6 items from 2014
Thirty years and a couple of weeks ago, Harold Ramis, Dan Akroyd, Bill Murray and Ernie Hudson unleashed Ghostbusters onto the world. The film went on to gross over $240 million domestic, beating out Indiana Jones and the Temple of Doom for 1984’s top slot at the box office. A few years later, I was born. And while everyone else on the playground fought over the role of Peter Venkman, I grew up calling dibs on Winston Zeddmore. Last Thursday, Collider attended the 40th Annual Saturn Awards and I got to meet one of my childhood role models, (even if the only thing he taught me was how to break my mother’s vacuum cleaner). I then promptly turned into a Chris Farley-esque babbling idiot spewing, one “Remember that one time when you…” question after the next. Fortunately, Mr. Hudson was gracious and kind, answering questions about everything from Ghostbusters 2’s bad rap, »
- Hunter Daniels
We don’t go to the cinema much, because we hate people. We also don’t go because there’s always the risk of accidentally going to see the wrong film. It's not helped by the fact that there's no way of telling until it’s too late, because there are no bloody opening credits on lots of modern films. And by the time you do realise, you’ve eaten all your popcorn and you can’t be bothered to move.
The movies on this list won’t give you that problem. These opening credits are perfect scene setters for the movies that follow, so you won’t have to worry about awkward popcorn wasting moments. It's not a top 50, rather a selection of 50 interesting credits sequences, »
Wait - does that sound right? Baz Luhrmann and Kung Fu? Well, this is certainly something interesting to talk about. THR is reporting that Australian filmmaker Baz Luhrmann is now in talks to direct a big screen reboot, or a re-adaptation, of the 1970s martial arts western TV show Kung Fu, which starred David Carradine as Kwai Chang Caine. Luhrmann most recently brought an extravagant, music-filled adaptation of The Great Gatsby to the big screen last summer, and it sounds like this may be next for him at Legendary Pictures if things come together. It isn't finalized yet, but could be a fun chance for Luhrmann to branch out. The project, with no other title other than Kung Fu so far, comes with a script by Rich Wilkes (of Airheads, xXx Trilogy, Punk Like Me, Iron Fist). In development at Legendary Pictures, the "big-screen adaptation" is one of the many projects they've launched that involves, »
- Alex Billington
Editor’s note: Kate’s review of Alan Partridge originally ran during last year’s Nyff, but we’re re-running it as the film opens today in limited release. For the small subset of cinephiles who have long hungered for a major motion picture that places Steve Coogan’s moronic broadcasting character Alan Partridge into a situation resembling the Brendan Fraser-starring 1994 comedy Airheads, Alan Partridge is so perfectly tailor-made for their desires that it’s actually somewhat frightening. (It also doesn’t seem like an actual possibility, but clearly someone thought this was a good idea, or else the film wouldn’t even have been made.) Coogan has played Partridge for over twenty years now, with the character first appearing on the radio program On the Hour in 1991, and then serving as the centerpiece of his news broadcasting spoof show, The Day Today, which aired on the BBC for one brief seven-episode season back in 1994. Since »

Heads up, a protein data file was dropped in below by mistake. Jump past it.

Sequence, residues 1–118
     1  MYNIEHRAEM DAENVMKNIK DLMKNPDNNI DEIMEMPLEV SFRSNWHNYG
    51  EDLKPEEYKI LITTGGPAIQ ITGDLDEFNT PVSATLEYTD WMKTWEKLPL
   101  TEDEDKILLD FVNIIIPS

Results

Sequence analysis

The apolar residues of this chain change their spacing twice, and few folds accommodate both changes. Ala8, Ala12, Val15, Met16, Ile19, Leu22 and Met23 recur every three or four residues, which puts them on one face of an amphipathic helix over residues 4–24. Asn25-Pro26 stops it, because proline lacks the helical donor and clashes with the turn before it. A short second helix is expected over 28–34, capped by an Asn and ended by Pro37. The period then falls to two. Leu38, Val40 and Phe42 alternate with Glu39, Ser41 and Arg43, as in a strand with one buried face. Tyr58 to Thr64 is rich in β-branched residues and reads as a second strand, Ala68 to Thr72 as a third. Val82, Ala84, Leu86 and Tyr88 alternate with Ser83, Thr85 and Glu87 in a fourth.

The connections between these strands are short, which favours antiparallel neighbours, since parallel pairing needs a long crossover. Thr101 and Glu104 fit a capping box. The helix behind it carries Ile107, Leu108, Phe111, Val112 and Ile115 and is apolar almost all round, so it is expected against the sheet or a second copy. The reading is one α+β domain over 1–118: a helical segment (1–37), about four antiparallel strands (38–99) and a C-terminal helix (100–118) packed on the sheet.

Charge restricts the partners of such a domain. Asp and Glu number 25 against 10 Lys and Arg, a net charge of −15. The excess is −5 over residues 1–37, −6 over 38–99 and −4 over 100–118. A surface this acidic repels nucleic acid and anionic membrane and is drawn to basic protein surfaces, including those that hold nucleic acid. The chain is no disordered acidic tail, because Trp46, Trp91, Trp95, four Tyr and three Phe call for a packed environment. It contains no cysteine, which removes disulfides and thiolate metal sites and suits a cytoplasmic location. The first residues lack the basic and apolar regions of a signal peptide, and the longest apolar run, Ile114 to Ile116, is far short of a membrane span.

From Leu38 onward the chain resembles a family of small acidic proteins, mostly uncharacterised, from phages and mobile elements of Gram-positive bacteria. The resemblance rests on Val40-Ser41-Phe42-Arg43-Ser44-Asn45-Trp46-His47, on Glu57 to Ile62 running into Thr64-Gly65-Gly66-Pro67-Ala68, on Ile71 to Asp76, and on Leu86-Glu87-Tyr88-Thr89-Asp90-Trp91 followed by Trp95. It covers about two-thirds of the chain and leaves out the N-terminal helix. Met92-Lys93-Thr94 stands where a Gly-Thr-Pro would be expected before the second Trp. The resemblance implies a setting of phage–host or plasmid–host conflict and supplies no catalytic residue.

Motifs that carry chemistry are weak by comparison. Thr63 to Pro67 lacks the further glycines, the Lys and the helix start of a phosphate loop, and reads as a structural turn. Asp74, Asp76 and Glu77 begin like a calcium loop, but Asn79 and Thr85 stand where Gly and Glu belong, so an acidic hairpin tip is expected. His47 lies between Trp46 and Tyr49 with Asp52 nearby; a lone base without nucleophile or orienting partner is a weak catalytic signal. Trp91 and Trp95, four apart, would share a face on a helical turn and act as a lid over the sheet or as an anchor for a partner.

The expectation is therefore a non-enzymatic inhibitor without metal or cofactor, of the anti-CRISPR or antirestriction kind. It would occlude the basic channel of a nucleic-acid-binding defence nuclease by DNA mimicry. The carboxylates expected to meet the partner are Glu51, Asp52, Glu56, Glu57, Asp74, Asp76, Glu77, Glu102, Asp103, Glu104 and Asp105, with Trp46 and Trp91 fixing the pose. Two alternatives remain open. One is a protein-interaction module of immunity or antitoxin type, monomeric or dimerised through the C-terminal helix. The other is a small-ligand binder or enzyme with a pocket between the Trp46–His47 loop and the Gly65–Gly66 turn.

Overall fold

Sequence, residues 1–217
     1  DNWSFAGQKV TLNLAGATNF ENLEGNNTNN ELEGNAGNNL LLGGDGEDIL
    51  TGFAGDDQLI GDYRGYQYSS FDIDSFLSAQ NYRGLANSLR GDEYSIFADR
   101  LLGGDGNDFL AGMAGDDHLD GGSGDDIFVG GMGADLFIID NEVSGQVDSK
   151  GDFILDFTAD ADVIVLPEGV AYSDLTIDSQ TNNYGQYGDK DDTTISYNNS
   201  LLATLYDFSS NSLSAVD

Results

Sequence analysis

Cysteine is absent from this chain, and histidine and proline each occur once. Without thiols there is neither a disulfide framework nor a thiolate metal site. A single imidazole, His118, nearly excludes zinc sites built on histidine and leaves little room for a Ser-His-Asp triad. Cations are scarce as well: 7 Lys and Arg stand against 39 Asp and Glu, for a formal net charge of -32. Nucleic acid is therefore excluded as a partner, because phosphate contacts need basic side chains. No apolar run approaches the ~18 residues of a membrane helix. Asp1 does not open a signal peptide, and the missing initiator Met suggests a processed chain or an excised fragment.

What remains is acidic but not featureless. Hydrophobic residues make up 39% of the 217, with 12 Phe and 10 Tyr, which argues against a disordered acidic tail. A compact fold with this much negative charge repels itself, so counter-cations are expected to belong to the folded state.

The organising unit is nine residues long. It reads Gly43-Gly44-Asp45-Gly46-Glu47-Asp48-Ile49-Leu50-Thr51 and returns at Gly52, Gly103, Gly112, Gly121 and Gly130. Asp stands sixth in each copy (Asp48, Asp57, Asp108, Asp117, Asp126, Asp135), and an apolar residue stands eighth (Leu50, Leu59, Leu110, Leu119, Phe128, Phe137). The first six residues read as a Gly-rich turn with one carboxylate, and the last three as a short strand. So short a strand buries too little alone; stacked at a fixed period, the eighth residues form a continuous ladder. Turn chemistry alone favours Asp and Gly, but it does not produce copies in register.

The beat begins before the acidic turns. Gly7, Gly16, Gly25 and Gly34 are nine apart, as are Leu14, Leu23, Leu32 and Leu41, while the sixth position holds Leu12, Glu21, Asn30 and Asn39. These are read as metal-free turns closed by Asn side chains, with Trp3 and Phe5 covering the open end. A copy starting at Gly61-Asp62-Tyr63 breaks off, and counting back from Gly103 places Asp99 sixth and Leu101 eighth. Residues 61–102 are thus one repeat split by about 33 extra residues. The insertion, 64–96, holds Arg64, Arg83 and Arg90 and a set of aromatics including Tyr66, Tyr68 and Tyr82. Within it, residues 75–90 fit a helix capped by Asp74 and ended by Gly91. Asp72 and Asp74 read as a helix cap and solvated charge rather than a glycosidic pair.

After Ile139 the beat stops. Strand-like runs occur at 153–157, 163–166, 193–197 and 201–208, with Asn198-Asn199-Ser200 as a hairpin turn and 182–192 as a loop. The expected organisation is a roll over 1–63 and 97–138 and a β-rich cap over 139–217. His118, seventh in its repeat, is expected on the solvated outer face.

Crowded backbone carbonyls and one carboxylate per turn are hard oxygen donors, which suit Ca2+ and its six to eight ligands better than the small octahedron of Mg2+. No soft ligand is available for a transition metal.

- Kate Erbland
American acting and filmmaking legend Harold Ramis passed away this morning.
The 69-year-old Ramis reportedly died from complications of a rare disease - autoimmune inflammatory vasculitis (blood vessel swelling).
Ramis' health struggles began in May 2010 with an infection that led to complications related to the disease. He had to relearn to walk, but suffered a relapse in late 2011. He was surrounded by family when he died.
While he also had memorable roles in "As Good as It Gets," "Airheads," "Knocked Up," "Walk Hard: The Dewey Cox Story," he was even more famous for his filmmaking. In his time Ramis wrote and directed such comedy classics as "Caddyshack," "National Lampoon's Vacation," "Groundhog Day" and "Analyze This".
Our sincerest condolences go out to his family, »
- Garth Franklin
The man who directed the 80s cult classic Caddyshack has died. Famed comedy director, writer and actor Harold Ramis has passed away at age 69. Ramis may be best known for his role as Egon Spengler in the 1984 comedy, which he also wrote, with Dan Aykroyd - passed away in the early hours of this morning (after suffering autoimmune inflammatory vasculitis for a number of years. Although he is best remembered on-screen for his roles in 'Ghostbusters' and its 1989 sequel, Harold had been a leading figure in comedy since the 70s, directing 'Caddyshack', 'Groundhog Day' and 'National Lampoon's Vacation'. He also co-wrote the iconic 1978 film 'National Lampoon's Animal House', and later 1999s 'Analyse This' and 2002s 'Analyze That', starring Robert De Niro, which he also directed. Harold continued to act in recent years, with parts in 'Knocked Up', »
6 items from 2014
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